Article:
Being married to an angry man is scary because it’s unpredictable.
It’s only natural to make like a turtle and retreat into your shell because it can really hurt to get the brunt of his anger. Your brain works overtime thinking of ways to protect yourself, which is exhausting and stressful.
It can also make you feel like you need to figure out how to keep him from getting angry. Or that you need to be a buffer between him and the kids.
Or it can make you feel that you need to just get out!
It seems like the only solution is for him to work on his anger issues. Until then, nothing can improve. You just have to wait for that to happen and encourage him to definitely get some therapy or something.
If that’s not happening, it can make you feel powerless and hopeless.
That’s what I used to think too, but it turns out I was making some mistakes that actually made the problem worse, not better.
And I’ve discovered I’m not the only one. Lots of well-meaning wives have made these same 3 mistakes.
Here they are, along with what to do instead so you can make your home peaceful, calm and safe.
Mistake #1: Walking on Eggshells
I know this one probably seems like we’ve just landed in Opposite World because walking on eggshells, or going out of your way to make sure he doesn’t get angry, seems like what you absolutely SHOULD do if you’re trying to keep things peaceful, right?
I know! I thought so too!
But trying to “walk on eggshells” means you’re trying to control how he reacts. And anytime I’m trying to control someone else, it’s pretty irritating.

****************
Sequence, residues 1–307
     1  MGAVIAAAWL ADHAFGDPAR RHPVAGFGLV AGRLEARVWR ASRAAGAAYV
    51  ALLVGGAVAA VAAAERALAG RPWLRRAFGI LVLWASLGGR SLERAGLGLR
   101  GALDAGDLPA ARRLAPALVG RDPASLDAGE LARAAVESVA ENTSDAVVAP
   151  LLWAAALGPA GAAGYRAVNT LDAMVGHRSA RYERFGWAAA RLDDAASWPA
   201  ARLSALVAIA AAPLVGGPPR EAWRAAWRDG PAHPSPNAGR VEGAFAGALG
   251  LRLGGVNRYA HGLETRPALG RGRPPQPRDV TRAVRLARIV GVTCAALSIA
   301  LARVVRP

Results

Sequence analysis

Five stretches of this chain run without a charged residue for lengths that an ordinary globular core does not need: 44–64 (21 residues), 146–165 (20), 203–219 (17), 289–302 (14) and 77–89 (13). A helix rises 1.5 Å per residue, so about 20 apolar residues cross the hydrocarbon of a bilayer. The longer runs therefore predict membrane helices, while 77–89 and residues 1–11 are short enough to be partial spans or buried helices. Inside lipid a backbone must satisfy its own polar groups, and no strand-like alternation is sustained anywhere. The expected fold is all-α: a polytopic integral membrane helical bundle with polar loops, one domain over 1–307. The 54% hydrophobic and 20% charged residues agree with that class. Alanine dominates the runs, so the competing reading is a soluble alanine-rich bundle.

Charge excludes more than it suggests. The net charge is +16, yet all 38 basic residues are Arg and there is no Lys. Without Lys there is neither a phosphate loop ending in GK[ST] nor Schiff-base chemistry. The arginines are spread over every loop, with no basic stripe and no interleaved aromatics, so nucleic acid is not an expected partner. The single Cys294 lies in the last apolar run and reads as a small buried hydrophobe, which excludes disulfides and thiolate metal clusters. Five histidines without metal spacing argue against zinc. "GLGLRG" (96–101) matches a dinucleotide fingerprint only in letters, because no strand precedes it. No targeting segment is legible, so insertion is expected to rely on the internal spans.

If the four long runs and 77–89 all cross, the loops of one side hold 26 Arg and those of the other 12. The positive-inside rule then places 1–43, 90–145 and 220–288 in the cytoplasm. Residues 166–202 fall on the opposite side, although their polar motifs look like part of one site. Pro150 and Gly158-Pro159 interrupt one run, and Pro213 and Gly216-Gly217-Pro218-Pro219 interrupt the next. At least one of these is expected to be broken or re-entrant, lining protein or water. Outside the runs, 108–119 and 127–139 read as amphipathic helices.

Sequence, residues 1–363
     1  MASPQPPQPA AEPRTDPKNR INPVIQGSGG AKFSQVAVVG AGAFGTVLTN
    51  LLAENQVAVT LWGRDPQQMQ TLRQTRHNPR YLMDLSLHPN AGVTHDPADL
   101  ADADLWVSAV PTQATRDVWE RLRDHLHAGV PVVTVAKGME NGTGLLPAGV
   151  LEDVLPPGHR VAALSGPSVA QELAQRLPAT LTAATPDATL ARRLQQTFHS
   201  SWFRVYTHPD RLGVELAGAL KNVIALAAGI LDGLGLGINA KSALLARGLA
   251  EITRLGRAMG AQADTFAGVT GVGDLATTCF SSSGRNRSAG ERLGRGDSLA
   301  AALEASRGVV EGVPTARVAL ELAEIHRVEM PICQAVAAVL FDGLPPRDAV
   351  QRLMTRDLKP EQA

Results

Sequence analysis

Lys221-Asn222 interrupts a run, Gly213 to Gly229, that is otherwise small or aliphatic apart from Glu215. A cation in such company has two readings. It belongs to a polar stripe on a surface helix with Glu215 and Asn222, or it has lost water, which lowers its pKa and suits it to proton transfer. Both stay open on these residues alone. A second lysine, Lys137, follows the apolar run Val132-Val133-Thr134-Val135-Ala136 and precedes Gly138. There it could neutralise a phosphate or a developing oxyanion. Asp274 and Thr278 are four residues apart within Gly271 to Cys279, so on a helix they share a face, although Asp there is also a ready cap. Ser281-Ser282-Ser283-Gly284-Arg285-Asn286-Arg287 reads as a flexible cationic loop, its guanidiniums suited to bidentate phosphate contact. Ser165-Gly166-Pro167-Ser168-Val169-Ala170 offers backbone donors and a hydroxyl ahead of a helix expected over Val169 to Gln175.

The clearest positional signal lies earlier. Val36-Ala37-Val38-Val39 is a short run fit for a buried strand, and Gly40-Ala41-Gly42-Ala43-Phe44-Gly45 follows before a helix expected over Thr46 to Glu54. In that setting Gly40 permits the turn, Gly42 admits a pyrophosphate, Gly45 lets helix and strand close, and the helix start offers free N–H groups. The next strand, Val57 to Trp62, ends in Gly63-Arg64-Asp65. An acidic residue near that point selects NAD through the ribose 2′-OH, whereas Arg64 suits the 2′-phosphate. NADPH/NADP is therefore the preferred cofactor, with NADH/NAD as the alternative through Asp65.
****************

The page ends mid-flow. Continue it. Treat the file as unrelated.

So irritating that it could actually make them mad! It’s like trying to put out a fire with gas.
Whenever I’m controlling, it’s because I’m afraid, so if I’m afraid he’s going to blow up and I show up with that fearful body language and look on my face, it’s a message to him that says “I think you’re going to be upset.” Which, ironically, can be very upsetting.
So what should you do instead of walking on eggshells? (Which, let’s face it, can’t be done anyway.)
One idea is to ask yourself these two powerful questions:
1. How do I feel?
2. What do I want?
The answer to “How do I feel?” might be “scared.” Or “nervous.” Or “afraid.”
The answer to “What do I want?” will depend on you. Only you know what you want right then. Maybe it’s to do something to care for yourself, like take a bath or a walk, or maybe it’s to get takeout for dinner or shop for shoes online.
Sometimes when I’m scared it’s because I’m trying to get my own attention.
Fine, you might be thinking, but then what if he does blow up and I’m browsing shoes? Isn’t that going to make him even madder?
That leads me to the next common mistake.
Mistake #2: Depriving Him of Oxygen
I thought my husband was angry because he just had problems, probably from childhood that he would have to work on for a long, long time in therapy.
But it turns out, I was depriving him of oxygen, by which I mean respect. I thought I was respectful, but I wasn’t. I was picking at him all the time without realizing it.
Comedian Steve Trevino does a bit that explains this really well.
He talks about how he didn’t want to get married. He says, “No man woke up one day and was like ‘You know what? I’m tired of making my own decisions. I would like to be questioned all the time about everything I do.’”